Matthew: Actually that would be handy if it was on the phone. Because I rented a bike in San Francisco, and I did not plan my route. And I ended up going...
Jeff: Not smart!
Matthew: ...basically going, you know vertical for about two or three...
Jeff: You don’t want to do that. I did something even dumber, Matthew. When I lived in San Francisco, I bought a moped.
Leo: But, it can't get up the hills, right? You have to walk this heavy thing up the hill.
Jeff: Yeah, right. It's the stupidest thing I've ever bought.
Kevin: It's still showing me the...
Leo: You need a more powerful moped. So you're telling me a Vespa can't go up those steep hills?
Jeff: Well, it...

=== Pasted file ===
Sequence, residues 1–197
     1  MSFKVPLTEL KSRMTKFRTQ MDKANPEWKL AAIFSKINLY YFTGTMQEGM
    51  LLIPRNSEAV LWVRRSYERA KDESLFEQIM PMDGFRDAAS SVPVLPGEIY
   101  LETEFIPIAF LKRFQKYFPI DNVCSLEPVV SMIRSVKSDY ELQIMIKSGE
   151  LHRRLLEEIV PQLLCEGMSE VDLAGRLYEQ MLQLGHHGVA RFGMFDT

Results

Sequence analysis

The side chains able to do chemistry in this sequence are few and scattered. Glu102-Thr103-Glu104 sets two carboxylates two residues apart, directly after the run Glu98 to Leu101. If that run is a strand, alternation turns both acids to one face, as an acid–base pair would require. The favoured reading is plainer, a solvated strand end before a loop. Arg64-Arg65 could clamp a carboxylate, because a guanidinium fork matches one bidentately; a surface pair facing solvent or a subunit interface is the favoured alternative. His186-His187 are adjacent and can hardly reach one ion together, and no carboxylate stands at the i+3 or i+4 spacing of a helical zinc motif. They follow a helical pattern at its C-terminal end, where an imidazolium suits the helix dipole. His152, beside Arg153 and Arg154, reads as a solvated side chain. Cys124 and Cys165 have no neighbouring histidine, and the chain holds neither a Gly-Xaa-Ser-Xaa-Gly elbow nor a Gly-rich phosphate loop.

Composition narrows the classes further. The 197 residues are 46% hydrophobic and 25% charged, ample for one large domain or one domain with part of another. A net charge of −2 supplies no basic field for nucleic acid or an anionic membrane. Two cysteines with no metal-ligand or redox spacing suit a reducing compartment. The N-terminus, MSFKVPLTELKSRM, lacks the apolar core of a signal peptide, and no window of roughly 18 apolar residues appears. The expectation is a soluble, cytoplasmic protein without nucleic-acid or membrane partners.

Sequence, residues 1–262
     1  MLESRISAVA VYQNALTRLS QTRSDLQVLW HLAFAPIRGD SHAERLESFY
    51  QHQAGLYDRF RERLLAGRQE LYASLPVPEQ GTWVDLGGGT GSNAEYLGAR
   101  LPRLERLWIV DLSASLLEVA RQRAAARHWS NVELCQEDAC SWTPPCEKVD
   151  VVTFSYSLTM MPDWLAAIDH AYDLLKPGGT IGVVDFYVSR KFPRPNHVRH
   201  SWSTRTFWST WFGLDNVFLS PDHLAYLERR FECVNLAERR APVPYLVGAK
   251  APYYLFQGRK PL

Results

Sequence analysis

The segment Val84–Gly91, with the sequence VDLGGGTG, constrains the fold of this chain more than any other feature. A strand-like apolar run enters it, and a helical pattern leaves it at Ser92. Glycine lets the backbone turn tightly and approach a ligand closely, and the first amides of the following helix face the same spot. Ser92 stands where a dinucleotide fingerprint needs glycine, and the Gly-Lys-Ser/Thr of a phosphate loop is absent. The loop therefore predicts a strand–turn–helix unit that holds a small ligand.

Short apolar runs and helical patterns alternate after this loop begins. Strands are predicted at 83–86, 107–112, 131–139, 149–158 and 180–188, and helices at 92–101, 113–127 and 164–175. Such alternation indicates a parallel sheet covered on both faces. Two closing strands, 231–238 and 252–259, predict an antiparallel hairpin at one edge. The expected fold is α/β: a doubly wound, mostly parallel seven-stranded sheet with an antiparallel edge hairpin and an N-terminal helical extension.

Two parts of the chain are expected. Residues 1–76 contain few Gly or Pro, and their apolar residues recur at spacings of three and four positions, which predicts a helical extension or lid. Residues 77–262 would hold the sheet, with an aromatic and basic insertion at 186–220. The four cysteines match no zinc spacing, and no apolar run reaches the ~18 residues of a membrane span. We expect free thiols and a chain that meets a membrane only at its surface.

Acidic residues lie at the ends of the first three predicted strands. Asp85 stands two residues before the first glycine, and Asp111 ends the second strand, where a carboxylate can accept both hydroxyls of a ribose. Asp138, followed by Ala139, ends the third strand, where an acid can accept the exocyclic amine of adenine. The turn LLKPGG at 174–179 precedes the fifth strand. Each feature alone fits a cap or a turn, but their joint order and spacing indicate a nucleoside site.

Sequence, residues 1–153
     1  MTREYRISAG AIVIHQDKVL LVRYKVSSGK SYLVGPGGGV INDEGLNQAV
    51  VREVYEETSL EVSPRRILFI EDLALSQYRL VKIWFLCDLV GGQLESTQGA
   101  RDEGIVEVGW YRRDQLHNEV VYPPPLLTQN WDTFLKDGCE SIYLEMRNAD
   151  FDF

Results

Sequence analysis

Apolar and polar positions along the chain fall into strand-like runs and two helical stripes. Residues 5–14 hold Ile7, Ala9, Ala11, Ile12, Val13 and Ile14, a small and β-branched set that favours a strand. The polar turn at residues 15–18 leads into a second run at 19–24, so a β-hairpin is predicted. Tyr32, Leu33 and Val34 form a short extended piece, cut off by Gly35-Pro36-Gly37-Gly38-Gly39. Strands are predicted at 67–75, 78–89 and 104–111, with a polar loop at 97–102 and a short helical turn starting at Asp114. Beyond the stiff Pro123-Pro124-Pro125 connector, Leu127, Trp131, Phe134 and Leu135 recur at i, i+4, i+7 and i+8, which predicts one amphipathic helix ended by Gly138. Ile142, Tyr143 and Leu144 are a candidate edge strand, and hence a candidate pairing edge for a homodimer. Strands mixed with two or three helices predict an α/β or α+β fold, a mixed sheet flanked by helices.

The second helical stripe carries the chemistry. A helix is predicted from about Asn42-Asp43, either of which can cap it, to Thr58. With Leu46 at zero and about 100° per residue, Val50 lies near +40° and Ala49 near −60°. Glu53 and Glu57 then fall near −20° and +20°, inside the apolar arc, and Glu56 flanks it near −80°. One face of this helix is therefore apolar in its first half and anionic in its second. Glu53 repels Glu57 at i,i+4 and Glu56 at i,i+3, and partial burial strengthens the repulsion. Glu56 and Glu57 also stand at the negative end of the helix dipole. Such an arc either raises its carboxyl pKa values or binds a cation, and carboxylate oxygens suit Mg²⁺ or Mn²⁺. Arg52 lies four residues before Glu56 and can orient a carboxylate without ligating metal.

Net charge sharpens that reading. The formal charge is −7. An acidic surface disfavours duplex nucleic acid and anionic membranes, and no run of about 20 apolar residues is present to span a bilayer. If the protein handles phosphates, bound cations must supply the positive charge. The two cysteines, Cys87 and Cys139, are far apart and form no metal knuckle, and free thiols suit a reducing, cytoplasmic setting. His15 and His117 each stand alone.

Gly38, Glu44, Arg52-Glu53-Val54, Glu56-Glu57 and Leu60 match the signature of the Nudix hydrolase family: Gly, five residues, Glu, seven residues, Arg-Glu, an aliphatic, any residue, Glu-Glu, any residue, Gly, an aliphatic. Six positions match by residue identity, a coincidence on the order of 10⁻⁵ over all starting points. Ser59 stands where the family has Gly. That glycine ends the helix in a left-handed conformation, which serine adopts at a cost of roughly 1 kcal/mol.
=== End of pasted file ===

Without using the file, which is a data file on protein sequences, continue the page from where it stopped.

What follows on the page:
Kevin: It only shows you proposals for quite long routes. It's not showing me ones – around town ones But if I say I'll cycle from San Hosea to San Francisco, it will give me it.
Leo: Can't get there from here!
Matthew: I figured out how to wipe out about three-quarters of the population in San Francisco if you want to. Just make it snow.
Leo: Oh yeah! Oh yeah!
Kevin: Well, that was nothing about the...
Leo: "What's this white stuff on the telegraph? Help!!".
Kevin: That was the comment in the Google self-driving car story last week; is that they've never driven in snow and they get very confused by rain. It's like these were clearly programmed by Californians, weren't they?
Leo: Yes, but Volvo says by 2017 you're going to be driving a self - driving car.
Matthew: Seattle will look very good...